plain occurred between 4.4 and 3.5 ka, initiating
the beach shoreline (Fig. 2A). The Central Ben
Tre beach initiated ca. 2.5 ka, before which time
the progradation was not pronounced and aggra-
dation is inferred to have occurred. Clinoforms
younger than 3.5 ka and 2.5 ka are defi ned in the
Tra Vinh and Central Ben Tre transects, respec-
tively, clearly illustrating the progradation of the
shoreline and delta front. The clinoforms gradu-
ally steepen toward the present coast except for
the very gentle and wide delta-front platform of
Central Ben Tre.
Beach shorelines in the lower delta plain are
laterally younger northeastward (Fig. 1B). The
South Ben Tre beach initiated almost simultane-
ously with Tra Vinh. The initiation of the Cen-
tral Ben Tre beach is ~800 yr later than that of
South Ben Tre. The North Ben Tre delta plain
has remarkably younger OSL ages than Cen-
tral Ben Tre. The majority of Tien Giang beach
ridges have prograded over the past 400 yr.
The age structure of the beach ridges suggests
that the delta-plain formation propagated later-
ally during the late Holocene (Fig. 3). A large
river mouth opening southeastward occurred
between the shorelines of Cai Lay and Tra Vinh
ca. 3.5 ka. The river mouth roughly refl ects the
main incised valley revealed by cores KS and
PSG (Tamura et al., 2009), cores DT1 and BT2
(Ta et al., 2002, 2005), and seismic profi les and
piston cores offshore (Tjallingii et al., 2010)
(Fig. 1A). The sediment body in South Ben Tre
is inferred to have emerged as a longshore bar
in the river mouth. The initial growth process
of the longshore river-mouth bar is uncertain,
but from cross sections of the Tra Vinh and
Central Ben Tre plains, the initial beach shore-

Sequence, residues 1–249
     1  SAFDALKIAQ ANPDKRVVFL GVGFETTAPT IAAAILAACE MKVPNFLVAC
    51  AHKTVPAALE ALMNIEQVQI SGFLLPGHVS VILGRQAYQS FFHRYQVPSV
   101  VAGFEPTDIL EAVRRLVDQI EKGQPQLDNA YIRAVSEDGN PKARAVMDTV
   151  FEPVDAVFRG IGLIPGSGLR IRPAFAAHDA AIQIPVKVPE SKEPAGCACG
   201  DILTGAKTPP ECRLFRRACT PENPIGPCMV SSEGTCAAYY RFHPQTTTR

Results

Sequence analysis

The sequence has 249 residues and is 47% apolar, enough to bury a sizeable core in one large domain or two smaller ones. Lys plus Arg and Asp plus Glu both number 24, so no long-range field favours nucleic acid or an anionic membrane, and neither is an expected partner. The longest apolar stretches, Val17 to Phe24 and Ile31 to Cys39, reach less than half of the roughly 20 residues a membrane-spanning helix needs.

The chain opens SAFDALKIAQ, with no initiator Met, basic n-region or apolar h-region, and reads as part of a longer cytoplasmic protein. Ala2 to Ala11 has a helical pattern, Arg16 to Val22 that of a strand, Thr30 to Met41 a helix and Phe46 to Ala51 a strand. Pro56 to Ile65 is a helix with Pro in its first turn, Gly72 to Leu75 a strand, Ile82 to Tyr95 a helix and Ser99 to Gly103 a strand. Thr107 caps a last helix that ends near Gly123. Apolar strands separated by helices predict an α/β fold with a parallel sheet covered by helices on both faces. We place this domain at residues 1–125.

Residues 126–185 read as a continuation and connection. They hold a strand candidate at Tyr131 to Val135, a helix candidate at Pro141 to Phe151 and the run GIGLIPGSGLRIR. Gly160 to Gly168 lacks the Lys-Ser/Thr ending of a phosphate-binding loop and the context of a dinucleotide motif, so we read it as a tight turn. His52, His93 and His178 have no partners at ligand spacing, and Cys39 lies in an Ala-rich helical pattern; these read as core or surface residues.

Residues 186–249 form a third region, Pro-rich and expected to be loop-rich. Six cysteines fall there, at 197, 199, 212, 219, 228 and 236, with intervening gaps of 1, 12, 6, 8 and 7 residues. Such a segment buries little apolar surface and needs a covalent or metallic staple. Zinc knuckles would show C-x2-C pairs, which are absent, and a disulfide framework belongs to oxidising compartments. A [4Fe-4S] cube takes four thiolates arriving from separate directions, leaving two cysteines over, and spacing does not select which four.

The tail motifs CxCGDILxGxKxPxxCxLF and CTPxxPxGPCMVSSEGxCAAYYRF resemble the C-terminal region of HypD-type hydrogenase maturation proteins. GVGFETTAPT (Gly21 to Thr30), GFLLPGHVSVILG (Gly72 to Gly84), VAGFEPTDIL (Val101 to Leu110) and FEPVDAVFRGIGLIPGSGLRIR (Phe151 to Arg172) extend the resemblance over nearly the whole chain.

line was exposed subaerially, followed shortly
by, or simultaneously with, rapid aggradation
of the inner part of the bar. The mouth bar
then accreted seaward and probably landward
(Olariu and Bhattacharya. 2006) to become a
shore-perpendicular elongate delta plain. Sub-
sequently, the Central Ben Tre and North Ben
Tre delta plains formed in a similar way. The
emergence of the longshore mouth bar splits
the river mouth into two distributaries. Note that
the northeastern side of the bifurcated mouth is
always wider, where the subsequent mouth bar
emerges to cause further bifurcation. The sedi-
ment drift due to the dominant winter monsoon
distorts the mouth bar southwestward, resulting
in the asymmetric bifurcation.
The inferred successive formation of the long-
shore river-mouth bars and the resultant bifurca-
tions of the river mouth account for the distribu-
tary network. Apexes of delta plains in South
Ben Tre, Central Ben Tre, and North Ben Tre
in turn defi ne bifurcations of the distributaries.
The bifurcation initially caused by the mouth bar
emergence was preserved as the tidal infl uence
stabilized the distributaries (Bhattacharya, 2006).
Avulsion was thus not critical to the branching of
distributaries. However, the distributary between
North and Central Ben Tre was choked by sedi-
ment so that the Central Ben Tre shoreline was
abandoned, and it has showed negligible progra-
dation over the past several hundred years. The
offshore delta-front slope in contrast has con-
tinued to prograde. Consequently, the shoreline
and delta-front slope were detached, resulting in
a wide delta-front platform (Figs. 1B and 2B).
Whereas the shoreline is composed of sand sup-
plied from the adjacent distributary by longshore
drift, the progradation of which has been retarded
by the choking of the distributary, mud and very
ne sand are transported in a river plume more
widely offshore, and partly deposited on the
delta-front slope. The delta-front slope is thus
less sensitive to the adjacent distributary. The Tra
Vinh shoreline has prograded more constantly
until the present, accounting for its relatively nar-
row delta-front platform.
A gap in beach-ridge age of more than
1000 yr occurs between Cai Lay and the lower